How often have you spent more time looking at a registration or login page than the actual website or app? Okay, maybe this is a bit of an exaggeration, but I’m sure sometimes it feels this way.
Let’s face it… registration and login forms are sometimes (or all the time) a pain in the rear-end. As simple as it may seem, designing good UX for login and registration screens is crucial for setting the overall user experience. There isn’t one straightforward way to design this as the purpose of your product, whether it’s social media, e-commerce etc., will dictate the approach and requirements. However, regardless of the context, the login/registration page is essentially the gateway to the real content. Users use your product specifically for that content (not to create an account for fun), so they shouldn’t have to face a barrier to get there.
Main goal: aim for speed and efficiency. Let your users in as quickly and pain-free as possible.
Nielsen Norman Group, a research and consulting firm leading the way in the UX field, created A Checklist for Registration and Login Forms on Mobile, which provides a great starting point for the do’s and don’ts of registration and login design. And while mobile presents different challenges with its size and functionality, it is nonetheless beneficial to consider the following best practices that scale across both mobile and desktop platforms.
Let your users know why they’ve landed on this page and the benefits of continuing through. It’s important to encourage action, but keep in mind (again) speed and efficiency, so be clear and concise in your language. You don’t want to overwhelm the user from the get go. This can include the words used in call-to-action buttons. A phrase like “continue with email” could be more ambiguous than just saying “log in with email”. Be conscious of how users might interpret these and go for what is most meaningful.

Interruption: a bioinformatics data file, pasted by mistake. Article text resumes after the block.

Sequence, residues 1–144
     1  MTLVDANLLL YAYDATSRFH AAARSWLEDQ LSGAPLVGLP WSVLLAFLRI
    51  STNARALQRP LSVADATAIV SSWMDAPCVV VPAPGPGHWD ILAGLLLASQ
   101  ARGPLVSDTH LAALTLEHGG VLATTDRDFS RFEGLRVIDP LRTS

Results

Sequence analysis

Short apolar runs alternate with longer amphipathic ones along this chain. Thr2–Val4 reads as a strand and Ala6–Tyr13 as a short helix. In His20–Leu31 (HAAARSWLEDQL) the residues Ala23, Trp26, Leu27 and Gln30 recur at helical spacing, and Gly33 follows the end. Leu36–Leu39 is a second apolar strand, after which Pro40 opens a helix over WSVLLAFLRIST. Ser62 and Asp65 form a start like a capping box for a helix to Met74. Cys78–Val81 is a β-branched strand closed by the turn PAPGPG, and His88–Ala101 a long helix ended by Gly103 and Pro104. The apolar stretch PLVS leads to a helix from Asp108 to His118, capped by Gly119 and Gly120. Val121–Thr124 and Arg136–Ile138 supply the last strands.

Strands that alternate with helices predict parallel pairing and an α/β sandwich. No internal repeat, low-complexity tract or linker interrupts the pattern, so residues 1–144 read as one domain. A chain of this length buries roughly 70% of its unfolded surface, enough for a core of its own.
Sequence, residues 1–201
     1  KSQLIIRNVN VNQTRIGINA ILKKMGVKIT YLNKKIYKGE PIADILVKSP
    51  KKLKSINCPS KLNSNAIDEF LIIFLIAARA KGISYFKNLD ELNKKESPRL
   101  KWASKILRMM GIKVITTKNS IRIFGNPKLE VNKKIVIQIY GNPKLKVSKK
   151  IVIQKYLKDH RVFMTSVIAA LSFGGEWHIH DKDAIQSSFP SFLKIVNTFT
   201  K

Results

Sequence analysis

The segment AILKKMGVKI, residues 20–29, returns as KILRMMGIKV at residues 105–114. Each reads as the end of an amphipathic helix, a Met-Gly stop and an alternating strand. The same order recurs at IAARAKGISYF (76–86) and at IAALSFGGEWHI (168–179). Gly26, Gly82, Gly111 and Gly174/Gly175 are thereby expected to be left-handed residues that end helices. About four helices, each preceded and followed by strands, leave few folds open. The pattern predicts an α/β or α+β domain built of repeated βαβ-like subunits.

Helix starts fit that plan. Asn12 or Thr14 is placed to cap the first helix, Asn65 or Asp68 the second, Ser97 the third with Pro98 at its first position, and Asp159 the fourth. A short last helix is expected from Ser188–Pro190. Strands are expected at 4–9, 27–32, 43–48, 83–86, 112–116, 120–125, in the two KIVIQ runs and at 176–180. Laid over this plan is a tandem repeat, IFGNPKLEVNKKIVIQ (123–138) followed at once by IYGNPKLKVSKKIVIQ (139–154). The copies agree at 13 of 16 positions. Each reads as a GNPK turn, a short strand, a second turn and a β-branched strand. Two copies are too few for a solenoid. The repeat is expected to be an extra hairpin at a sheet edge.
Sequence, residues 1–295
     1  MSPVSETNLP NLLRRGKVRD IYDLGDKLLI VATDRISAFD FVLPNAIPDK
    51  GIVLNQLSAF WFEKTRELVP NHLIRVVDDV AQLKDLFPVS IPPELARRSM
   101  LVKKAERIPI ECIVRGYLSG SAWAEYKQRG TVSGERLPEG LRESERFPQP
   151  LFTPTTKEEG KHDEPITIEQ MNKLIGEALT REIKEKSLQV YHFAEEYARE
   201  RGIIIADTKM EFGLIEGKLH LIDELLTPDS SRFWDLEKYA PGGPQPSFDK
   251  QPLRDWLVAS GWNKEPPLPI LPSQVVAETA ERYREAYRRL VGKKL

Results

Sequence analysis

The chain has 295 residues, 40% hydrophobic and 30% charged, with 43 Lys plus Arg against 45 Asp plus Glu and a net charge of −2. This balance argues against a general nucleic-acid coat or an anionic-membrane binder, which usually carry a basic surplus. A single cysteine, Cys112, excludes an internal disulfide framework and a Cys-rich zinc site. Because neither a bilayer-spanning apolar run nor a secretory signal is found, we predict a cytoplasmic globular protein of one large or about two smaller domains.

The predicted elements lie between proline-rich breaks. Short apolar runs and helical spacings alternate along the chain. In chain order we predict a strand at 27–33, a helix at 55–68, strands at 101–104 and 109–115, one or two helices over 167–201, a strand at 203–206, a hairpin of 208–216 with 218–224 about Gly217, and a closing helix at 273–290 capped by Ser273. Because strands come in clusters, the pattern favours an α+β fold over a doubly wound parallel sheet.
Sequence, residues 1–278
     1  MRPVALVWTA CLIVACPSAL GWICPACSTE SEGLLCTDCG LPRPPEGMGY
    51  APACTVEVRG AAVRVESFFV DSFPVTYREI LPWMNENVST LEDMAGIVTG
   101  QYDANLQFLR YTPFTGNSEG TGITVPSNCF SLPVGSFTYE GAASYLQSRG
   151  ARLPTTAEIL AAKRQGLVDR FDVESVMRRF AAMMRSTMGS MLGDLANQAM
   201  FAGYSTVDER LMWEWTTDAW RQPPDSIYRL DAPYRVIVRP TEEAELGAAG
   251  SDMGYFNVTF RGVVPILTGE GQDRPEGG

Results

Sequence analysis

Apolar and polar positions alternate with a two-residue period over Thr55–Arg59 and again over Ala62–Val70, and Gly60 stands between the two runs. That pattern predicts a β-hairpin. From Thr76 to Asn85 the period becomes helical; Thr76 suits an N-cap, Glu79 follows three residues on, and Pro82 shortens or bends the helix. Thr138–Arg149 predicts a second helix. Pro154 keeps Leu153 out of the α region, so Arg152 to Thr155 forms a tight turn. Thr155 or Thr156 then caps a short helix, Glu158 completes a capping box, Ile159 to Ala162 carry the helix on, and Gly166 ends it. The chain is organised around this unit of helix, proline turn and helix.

Aim for simplicity
As a gateway to the real content of your product, getting users through quickly and designing for functionality and practicality will set the right experience for the rest of the product. With that said, there are several things to keep top-of-mind…
Request only what’s required
An email and password is really all users need to log in (unless phone numbers etc. are required for verification), so registration pages should reflect that as well. Any other information such as name, username, or any type of personal details can come after as a profile setup.
Email instead of username
I personally don’t like providing a username when registering an account. I’m forced to come up with a unique username, and even when I have one that I use for other accounts, it may be taken already. An email is much better since everyone’s address is already unique, and this is often required for contacting users anyway in the future, so it’s already a required detail.
Text field placeholders
This applies to any forms, but don’t assume users will remember what a text field is requesting as soon as they click on it. Anyone would appreciate a reminder.
This may be a minor thing, but allowing users to save their login credentials can be a time-saver welcomed with open arms. It’s like getting VIP service where you don’t have to prove you’re legit.
Response to actions taken by users is always necessary. When it comes to error states on a registration/login page, the approach can be divided. A good UX approach is to specify what the specific error is, so users know exactly what to correct. From an engineering standpoint, providing ambiguity is preferred, especially in security-sensitive products. Simply saying “Your credentials are incorrect” without specifying does provide more security but could potentially be a frustrating experience for the user. Either way works. Use your best judgement.